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There are obviously situations where, in C++ scanf() is preferable to cin, I was wondering if there are any situations where printf() is more practical than cout.

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marked as duplicate by GWW, J.N., Jules Mazur, maerics, Dave Rager Feb 7 '13 at 17:41

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I can't provide a full answer, since I don't remember the details, but in a talk by a C++ standard committee member (he works for Facebook) he mentioned that he prefers printf() because cout doesn't work well with threads. –  Nikos C. Feb 7 '13 at 17:38
    
I'm curious as to what situations in C++ scanf() would be preferable to cin. –  Dave Rager Feb 7 '13 at 17:40
    
@DaveRager I find it easier to input and interpret certain strings using scanf(). Here's a line from my fist calculator program in C: scanf("%f%c%f", &num1, &op, &num2). op is a variable representing the mathematica operator (+, -, *, /), and, used properly, this can cut down on dozens of lines of useless code. –  Jules Mazur Feb 7 '13 at 17:47
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2 Answers 2

up vote 3 down vote accepted

What you can do using ostream interface (so cout) is far superior to the old style printf(). First of all, it is type safe, so you won't get any segmentation violation when you mistakenly use a wrong formatting sequence.

An example. Imagine you have to print out attributes of the struct stat returned by Posix fstat function. The types of the attributes are defined using system dependant typedefs:

struct stat {
    dev_t     st_dev;     /* ID of device containing file */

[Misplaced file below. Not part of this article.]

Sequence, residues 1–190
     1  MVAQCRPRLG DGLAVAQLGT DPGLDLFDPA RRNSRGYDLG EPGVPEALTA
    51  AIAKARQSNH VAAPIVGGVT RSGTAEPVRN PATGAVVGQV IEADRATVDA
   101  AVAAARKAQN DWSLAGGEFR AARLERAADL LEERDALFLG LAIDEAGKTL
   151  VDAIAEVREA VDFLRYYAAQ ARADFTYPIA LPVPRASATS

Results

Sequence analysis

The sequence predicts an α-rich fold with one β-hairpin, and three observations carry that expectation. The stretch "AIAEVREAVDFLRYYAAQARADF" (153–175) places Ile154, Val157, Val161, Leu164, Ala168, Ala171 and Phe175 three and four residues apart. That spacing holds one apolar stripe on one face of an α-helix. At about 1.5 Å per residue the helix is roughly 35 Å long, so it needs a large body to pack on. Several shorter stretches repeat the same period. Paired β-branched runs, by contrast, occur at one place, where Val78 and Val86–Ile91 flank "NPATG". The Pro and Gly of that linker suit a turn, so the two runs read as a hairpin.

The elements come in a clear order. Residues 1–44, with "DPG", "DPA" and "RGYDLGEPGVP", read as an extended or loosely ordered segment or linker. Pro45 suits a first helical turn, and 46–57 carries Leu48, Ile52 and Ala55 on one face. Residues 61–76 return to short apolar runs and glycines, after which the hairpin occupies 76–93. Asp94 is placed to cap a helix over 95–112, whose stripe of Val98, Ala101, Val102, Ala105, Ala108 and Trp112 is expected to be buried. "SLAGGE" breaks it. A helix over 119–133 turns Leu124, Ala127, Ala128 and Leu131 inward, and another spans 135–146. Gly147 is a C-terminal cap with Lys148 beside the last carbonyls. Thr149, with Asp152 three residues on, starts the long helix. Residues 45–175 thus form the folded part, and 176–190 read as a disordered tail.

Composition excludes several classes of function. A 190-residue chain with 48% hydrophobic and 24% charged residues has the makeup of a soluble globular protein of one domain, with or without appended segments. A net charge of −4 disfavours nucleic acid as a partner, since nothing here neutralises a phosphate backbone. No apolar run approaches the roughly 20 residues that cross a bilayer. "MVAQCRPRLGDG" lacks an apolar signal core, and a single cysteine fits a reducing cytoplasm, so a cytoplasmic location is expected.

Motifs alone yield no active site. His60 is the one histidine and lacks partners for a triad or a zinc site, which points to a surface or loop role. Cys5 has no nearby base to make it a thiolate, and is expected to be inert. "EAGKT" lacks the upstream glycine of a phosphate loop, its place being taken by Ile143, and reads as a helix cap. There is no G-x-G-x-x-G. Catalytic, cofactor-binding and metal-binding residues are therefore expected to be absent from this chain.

ino_t     st_ino;     /* inode number */
    mode_t    st_mode;    /* protection */
    nlink_t   st_nlink;   /* number of hard links */
    uid_t     st_uid;     /* user ID of owner */
    gid_t     st_gid;     /* group ID of owner */
    dev_t     st_rdev;    /* device ID (if special file) */
    off_t     st_size;    /* total size, in bytes */
   /* ... more attributes */

};

So things like dev_t are different types (typedefs) on different systems. You may find that on your particular system dev_t is equivalent to, say, int, and write this:

printf("dev_t=%d", s.st_dev);

and it will work on your system, but when you compile it on another system, which defines, for example, dev_t not as int but, say, long, then your code will compile, but crash in runtime.

If you use C++ streams and overloaded << operator then stuff will always work correctly:

cout << "dev_t=" << s.st_dev;

Another important advantage of C++ streams is extensibility. It is not possible to extend the set of formatting sequences printf understands. In contrast, you can easily overload the << operator to conveniently print objects of your own types.

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Short answer: Always!!! In c++ It makes sense to always use cout over printf because it gives you type safety unlike printf.

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no doubt there are advantages associated with cout but the fact that cout is not thread safe, make printf superior in some aspect :), so especially in debugging if you are multi-threaded environment avoid cout etc... –  Saqlain Feb 7 '13 at 18:10
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